WTI is proud to announce that a National Center for Atmospheric Research (NCAR), WTI, and Aurora Pooled Fund study relating weather conditions and roadway friction measurements has received the High Value Research award from the American Association of State Highway and Transportation Officials (AASHTO).
Led by NCAR’s Gerry Wiener, with WTI’s Cold Climate Operations & Systems Program Manager Laura Fay as co-PI, Roadway Friction Modeling used atmospheric data, cold laboratory testing, and machine learning to infer friction conditions in locations where monitoring isn’t available. The trained computer models will help winter maintenance professionals identify when and where to apply deicer and anti-icer treatments, improving safety for road users. “This project was an amazing opportunity,” said Fay. “Working with NCAR to merge lab and field data with machine learning to advance the use of friction data in winter maintenance operations has been a goal of mine.”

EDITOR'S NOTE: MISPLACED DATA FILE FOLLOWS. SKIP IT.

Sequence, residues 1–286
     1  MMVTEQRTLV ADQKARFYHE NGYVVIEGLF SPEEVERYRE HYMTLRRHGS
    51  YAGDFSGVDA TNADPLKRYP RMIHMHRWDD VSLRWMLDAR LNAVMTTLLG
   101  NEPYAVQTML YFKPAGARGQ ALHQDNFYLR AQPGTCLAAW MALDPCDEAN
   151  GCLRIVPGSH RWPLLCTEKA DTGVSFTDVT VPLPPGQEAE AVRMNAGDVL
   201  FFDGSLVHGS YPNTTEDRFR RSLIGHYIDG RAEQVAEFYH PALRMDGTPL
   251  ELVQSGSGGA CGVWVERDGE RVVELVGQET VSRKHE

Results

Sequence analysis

The High Value Research award is determined by the AASHTO Research Advisory Committee with guidance from state departments of transportation. Fay noted that receiving the award was great news. “We worked hard, and we’re honored to be selected by AASHTO and recommended by Montana Department of Transportation.” All 50 states, Puerto Rico, and the District of Columbia participate based on region – enjoying “friendly” competition, identifying shared and differing research priorities, and participating in annual AASHTO and Transportation Research Board (TRB) poster presentations.
The Roadway Friction Modeling study was made possible by the Aurora Pooled Fund research program, which is a collaborative partnership between national and international highway agencies and administered by the Center for Weather Impacts on Mobility and Safety (CWIMS) of the Institute for Transportation (InTrans) at Iowa State University. Aurora Pooled Fund research focuses on road weather information systems (RWIS) and has partnered with WTI researchers for many years.